I’m doing the whole formatting again with a friend soon, so I’ll let you know if the second time feels better.
ETA: Nope. Still a mess.

Introduction to Forensic Science MOOC

After the Historical Fiction MOOC, I snooped around for some other courses, and stumbled into FutureLearn, who offered an Introduction to Forensic Science , from the University of Strathclyde, in Glasgow.

I was quite thrilled to find this as you might remember Victim #14 happens in Glasgow, and has a police plot. I thought that it would be interesting to have an insider on how Forensic Science works in the UK.

The course ran over six weeks, covering:

• Principles and practice of Crime Scene Investigation
• Fingerprints
• Blood Pattern Analysis and DNA
• Footwear and toolmark impression evidence
• Drugs of abuse
• Forensic Science as the “Silent Witness”

The MOOC covered some theory along with a “case study” to illustrate the lessons, where a culprit needed to be identified. It had videos and discussions, and some fun activities to do.

The course is not bad in itself, and I can deal with the Scottish accent pretty well. However, by the fourth week I decided that reading the video transcripts was much more productive than listening to the videos, except in the case study where the images were better to play along.

Procedure-wise it was interesting, as it covers a few aspect that investigation in the UK differs from what we’re used to see in US series and films, and I want to adapt a few things in Victim #14. Science-wise was not too bad, either.

All in all it was a good entertaining for six weeks, a couple of hours a week. The course promised an on-screen participation statement which you can see to the right (click for bigger) and which was rather disappointing. It cannot be used to prove anything, as it has no name on it anywhere. When you print it, it looks even worse, as those are just formatted letters. It does not bother me that much as I am doing it for fun but… really? That is ugly. And useless. And just tries to force into buying a printed certificate…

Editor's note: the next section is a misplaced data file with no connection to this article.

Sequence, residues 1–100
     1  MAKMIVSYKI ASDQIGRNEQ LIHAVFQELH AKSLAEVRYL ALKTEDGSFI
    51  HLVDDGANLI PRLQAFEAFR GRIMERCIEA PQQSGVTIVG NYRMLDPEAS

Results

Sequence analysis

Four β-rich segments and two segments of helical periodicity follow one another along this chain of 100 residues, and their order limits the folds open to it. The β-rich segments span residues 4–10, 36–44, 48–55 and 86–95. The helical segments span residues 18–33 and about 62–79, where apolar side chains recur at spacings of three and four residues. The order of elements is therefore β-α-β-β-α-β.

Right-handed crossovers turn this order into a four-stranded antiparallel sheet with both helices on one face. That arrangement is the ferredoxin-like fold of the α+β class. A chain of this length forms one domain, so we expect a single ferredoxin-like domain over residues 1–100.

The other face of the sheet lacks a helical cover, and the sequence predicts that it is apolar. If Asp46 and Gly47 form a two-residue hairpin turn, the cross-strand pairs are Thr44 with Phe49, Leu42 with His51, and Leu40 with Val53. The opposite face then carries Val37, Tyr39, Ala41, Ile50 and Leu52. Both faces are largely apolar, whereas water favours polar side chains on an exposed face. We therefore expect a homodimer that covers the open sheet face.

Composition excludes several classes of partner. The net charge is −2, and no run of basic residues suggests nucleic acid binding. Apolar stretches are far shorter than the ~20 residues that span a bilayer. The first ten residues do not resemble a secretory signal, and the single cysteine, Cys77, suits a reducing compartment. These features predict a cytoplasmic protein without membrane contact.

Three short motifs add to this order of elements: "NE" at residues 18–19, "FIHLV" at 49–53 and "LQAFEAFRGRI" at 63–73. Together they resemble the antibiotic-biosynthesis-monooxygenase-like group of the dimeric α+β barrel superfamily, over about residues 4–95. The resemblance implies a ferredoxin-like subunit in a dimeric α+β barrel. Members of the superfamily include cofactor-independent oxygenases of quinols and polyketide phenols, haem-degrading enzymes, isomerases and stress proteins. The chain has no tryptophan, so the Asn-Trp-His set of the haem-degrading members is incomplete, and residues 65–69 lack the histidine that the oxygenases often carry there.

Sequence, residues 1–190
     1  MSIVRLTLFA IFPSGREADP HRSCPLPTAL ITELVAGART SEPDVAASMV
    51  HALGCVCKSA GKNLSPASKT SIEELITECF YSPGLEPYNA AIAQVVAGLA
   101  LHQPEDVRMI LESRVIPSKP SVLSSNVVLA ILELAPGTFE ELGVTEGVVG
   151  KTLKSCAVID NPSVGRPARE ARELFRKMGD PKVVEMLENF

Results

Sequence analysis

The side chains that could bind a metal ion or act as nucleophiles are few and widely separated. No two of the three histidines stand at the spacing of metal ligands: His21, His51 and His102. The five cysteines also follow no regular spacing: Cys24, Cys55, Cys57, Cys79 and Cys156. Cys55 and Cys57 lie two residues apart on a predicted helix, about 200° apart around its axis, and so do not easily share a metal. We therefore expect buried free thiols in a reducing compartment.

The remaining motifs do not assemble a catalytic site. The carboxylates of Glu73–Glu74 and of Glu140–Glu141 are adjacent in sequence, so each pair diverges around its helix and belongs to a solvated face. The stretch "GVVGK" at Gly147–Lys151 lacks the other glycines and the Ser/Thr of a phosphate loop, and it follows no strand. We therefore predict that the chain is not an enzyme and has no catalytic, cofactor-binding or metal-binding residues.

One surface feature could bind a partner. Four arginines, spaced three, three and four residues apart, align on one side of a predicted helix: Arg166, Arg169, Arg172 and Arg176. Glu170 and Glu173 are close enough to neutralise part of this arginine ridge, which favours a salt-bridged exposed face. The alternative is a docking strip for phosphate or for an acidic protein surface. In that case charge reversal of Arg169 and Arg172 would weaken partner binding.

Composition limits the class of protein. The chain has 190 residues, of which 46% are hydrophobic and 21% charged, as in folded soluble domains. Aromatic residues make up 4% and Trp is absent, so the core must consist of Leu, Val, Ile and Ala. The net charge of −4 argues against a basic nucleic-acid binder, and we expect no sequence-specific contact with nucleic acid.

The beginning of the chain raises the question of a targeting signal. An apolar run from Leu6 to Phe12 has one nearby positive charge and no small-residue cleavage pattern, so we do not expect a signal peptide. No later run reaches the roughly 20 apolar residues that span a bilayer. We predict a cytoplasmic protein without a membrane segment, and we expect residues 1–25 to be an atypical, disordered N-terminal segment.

And don’t be impressed by those 100%s, the tests were easy and could be taken with the notes anyway.

Plagues, Witches, and War: The Worlds of Historical Fiction (3)

Well, the Plagues, Witches, and War: The Worlds of Historical Fiction course is officially over. In all honesty, I started the course aiming to find some tools to work on a story regarding the Keichō Embassy from Japan to the Vatican, lead by Hasekura Tsunenaga between 1613 and 1620.

I am not left with an overall impression of the course that is positive. As you might remember, I have been a bit peeved with the whole deadline fumbling, and everyone going on their high horses about it. Well, the last deadlines also got juggled, and jumped a whole week backwards, so in the end basically every deadline got moved, some with louder announcements than others. I won’t go into that again, but changing requirements is not something that is going to give a course a good reputation (and the course organisers have been complaining about the “bad rep” of MOOCs).

Opinion on classmates aside, my general impression of the course is a big… ‘so what?’ I mean, what is the whole buzz about historical fiction? That it requires research, and sometimes a lot of it? That is true, if you want accuracy, but you need to research with whichever genre you are writing. Even when planning a fantasy world you need to decide on your laws of physics. I am making a big effort to get my hands on every factual yakuza publication out there, for example (which apparently makes me a huge geek somehow).

It is not my intention to put down historical fiction as a lesser genre, but… research-wise it does not really feel a particularly different genre. If you want to portray anything with accuracy, you need to do your research. Using real people as characters might be the tricky part, but that is a choice the author makes. Each writing path has its own difficulties, I’d say, and historical fiction is not an exception in any way. You can also quite easily ‘ignore’ the research part and be deliberately ‘imprecise’, just giving clues about where and when you are – that’s the easy way (I am guilty of doing that before, I confess… and I am sort of doing that with the location of Turn of the Page right now).

I did decide to give Dickens a second chance and I would have bought one of the guest author’s books, if some idiot had not given away the ending on the forums. Also, I had thought about sharing the assignment ‘essay’ I wrote, but… you know, I kinda lost interest.

This is not me wanting to complain about something that I got for free, but not convinced. I did not find the course serious enough somehow. Wobbly deadlines are a sign of bad organisation and it is very hard for me to learn anything if it is not organised. That might be why right now I don’t feel like I learnt anything particular from Plagues, Witches, and War: The Worlds of Historical Fiction that can at the moment help me improve my writing.